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Bernier v. Trump

United States District Court, District of Columbia

March 8, 2018

JEAN-GABRIEL BERNIER, Plaintiff,
v.
DONALD J. TRUMP, et al., Defendants.

          MEMORANDUM OPINION AND ORDER

          AMIT P. MEHTA, UNITED STATES DISTRICT JUDGE

         I. INTRODUCTION

         Plaintiff Jean-Gabriel Bernier, a federal prisoner, brought this action against the Federal Defendants[1] alleging, among other things, that the Federal Bureau of Prisons violated his Eighth Amendment right to be free from cruel and unusual punishment by refusing to prescribe him the drug Harvoni to treat his Hepatitis C. The court previously dismissed Plaintiff's Bivens claims for money damages on qualified immunity grounds, but allowed his claim seeking injunctive relief in the form of Harvoni treatment to move forward.

         This matter is before the court on the Federal Defendants' Motion to Dismiss the remaining claim for injunctive relief as moot, and Plaintiff's Motion for Reconsideration of the court's dismissal of his damages claim against Defendant Allen, Chief Physician of the Federal Bureau of Prisons. For the reasons discussed below, the Federal Defendants' Motion to Dismiss is granted and Plaintiff's Motion for Reconsideration is granted in part and denied in part.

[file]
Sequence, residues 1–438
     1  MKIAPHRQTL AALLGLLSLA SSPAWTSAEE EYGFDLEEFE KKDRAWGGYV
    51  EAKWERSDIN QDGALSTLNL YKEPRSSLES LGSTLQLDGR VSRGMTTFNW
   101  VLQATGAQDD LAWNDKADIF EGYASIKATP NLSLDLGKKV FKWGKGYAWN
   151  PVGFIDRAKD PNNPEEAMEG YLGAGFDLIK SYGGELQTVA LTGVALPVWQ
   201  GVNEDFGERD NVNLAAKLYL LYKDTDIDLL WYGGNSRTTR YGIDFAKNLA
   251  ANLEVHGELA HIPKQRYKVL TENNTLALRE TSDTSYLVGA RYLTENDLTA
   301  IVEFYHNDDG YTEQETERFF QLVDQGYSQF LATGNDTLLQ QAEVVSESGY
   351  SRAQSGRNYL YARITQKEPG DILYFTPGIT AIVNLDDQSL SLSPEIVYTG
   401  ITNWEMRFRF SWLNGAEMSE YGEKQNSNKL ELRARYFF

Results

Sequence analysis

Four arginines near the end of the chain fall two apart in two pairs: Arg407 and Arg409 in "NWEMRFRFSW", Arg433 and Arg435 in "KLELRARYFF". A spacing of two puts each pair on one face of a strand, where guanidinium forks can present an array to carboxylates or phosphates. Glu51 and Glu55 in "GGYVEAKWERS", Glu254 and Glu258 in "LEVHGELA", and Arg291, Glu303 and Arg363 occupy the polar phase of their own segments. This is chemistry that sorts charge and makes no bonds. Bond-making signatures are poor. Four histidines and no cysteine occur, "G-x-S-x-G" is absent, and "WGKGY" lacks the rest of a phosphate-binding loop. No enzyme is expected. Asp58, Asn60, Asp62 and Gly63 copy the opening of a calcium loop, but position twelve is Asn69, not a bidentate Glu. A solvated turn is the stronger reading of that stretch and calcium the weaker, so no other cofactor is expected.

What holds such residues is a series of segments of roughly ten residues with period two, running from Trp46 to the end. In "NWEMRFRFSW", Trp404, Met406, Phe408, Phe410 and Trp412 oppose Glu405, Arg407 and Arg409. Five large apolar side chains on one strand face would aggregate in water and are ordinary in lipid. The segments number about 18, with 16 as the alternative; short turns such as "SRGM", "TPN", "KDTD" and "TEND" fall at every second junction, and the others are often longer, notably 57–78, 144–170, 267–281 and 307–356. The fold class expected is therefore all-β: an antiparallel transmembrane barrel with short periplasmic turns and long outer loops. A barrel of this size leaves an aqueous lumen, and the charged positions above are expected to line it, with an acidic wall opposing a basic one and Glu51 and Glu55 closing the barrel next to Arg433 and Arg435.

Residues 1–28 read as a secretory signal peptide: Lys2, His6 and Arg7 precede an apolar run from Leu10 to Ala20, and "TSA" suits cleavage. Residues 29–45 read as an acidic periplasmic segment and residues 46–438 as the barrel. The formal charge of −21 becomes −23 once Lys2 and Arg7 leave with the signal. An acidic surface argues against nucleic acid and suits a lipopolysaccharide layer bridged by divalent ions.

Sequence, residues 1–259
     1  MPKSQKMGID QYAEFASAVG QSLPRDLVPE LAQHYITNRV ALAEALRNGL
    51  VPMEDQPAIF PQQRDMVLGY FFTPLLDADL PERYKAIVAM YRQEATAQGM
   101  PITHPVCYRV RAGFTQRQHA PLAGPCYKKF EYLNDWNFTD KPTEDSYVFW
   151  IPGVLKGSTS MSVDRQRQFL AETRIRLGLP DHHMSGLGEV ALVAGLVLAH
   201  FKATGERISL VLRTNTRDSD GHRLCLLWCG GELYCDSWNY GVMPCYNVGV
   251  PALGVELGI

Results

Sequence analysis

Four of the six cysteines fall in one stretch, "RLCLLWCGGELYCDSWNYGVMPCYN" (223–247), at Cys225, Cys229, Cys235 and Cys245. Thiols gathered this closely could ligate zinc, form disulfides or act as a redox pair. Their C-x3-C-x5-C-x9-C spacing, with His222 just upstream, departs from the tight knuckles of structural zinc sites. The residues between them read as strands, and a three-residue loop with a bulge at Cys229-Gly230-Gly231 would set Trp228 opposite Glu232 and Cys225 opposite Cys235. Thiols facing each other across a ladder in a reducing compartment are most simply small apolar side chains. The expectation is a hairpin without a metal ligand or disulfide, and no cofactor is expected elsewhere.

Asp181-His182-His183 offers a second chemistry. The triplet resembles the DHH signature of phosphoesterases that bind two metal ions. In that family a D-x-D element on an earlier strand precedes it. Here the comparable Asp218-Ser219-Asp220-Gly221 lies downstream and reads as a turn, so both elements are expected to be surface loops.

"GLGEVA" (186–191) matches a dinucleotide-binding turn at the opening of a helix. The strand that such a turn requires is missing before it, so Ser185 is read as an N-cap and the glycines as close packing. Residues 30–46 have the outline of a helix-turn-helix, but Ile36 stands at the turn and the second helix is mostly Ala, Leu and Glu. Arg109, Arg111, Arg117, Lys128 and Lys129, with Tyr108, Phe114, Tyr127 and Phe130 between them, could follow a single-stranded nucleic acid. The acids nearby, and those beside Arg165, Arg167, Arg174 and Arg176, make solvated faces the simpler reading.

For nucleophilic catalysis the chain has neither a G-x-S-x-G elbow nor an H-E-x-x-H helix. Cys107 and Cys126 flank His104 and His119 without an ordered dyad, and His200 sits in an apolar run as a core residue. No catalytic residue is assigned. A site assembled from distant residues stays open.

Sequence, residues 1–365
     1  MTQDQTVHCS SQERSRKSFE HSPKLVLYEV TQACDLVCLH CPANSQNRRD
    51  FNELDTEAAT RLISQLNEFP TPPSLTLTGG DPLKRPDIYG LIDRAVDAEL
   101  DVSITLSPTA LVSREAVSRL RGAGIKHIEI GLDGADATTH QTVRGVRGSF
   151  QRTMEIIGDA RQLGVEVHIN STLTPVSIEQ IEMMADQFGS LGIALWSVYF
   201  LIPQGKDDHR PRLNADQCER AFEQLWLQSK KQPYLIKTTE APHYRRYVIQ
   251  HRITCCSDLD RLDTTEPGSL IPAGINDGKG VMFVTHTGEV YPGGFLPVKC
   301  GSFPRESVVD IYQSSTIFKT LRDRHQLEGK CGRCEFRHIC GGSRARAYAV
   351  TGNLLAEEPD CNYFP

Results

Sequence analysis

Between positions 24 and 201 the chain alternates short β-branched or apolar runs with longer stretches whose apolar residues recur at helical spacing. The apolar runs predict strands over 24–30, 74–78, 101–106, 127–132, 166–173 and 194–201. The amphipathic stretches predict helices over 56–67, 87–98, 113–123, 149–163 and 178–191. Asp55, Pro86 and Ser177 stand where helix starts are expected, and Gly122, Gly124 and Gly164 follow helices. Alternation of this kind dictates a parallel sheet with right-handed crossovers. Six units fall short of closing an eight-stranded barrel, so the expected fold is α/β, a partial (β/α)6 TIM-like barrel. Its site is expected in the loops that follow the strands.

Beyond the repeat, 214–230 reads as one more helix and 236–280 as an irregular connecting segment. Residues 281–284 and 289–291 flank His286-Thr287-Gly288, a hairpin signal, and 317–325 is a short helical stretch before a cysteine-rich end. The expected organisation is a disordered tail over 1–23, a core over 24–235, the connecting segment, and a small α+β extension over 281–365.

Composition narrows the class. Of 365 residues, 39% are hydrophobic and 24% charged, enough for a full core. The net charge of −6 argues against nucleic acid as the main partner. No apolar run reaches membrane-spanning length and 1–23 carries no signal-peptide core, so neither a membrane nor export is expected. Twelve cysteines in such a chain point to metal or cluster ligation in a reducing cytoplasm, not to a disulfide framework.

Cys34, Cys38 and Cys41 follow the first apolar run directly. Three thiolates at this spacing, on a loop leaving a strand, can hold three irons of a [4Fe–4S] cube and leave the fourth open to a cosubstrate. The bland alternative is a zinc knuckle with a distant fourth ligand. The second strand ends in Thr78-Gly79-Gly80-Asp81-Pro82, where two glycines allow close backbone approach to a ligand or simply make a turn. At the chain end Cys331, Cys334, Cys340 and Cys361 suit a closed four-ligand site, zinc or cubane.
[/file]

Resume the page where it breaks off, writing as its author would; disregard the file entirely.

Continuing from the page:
II. BACKGROUND

         A. The Federal Defendants' Initial Motion to Dismiss

         The court described the facts alleged in Plaintiff's pro se Complaint in its March 2017 opinion granting in part and denying in part the Federal Defendants' Motion to Dismiss, and it need not repeat them at length here. See generally Bernier v. Trump, 242 F.Supp.3d 31 (D.D.C. 2017). To summarize, Plaintiff challenged two aspects of his confinement in his Complaint, seeking both injunctive relief and money damages. See Id. at 34-37. Only one of those challenges is at issue here.[2] That challenge is premised upon the decision by the Federal Bureau of Prisons (“BOP”) to deny Plaintiff the drug Harvoni to treat his Hepatitis C. See generally Defs.' Mot. to Dismiss, ECF No. 50 [hereinafter Defs.' Second Mot. to Dismiss]; Pl.'s Mot. for Reconsideration Regarding Court's Dismissal of Pl.'s Eighth Amendment Bivens Claim on Grounds of Qualified Immunity, ECF No. 57 [hereinafter Pl.'s Mot. & Opp'n]. Plaintiff alleges that “the Federal Defendants subjected him to cruel and unusual punishment in violation of the Eighth Amendment by ‘deny[ing] Plaintiff treatment for Hepatitis C pursuant to the BOP treatment guidelines and allowing [him] to suffer from the debilitating effects of [Hepatitis C].'” Bernier, 242 F.Supp.3d at 39 (alterations in original) (quoting Compl., ECF No. 1, ¶¶ 45-46).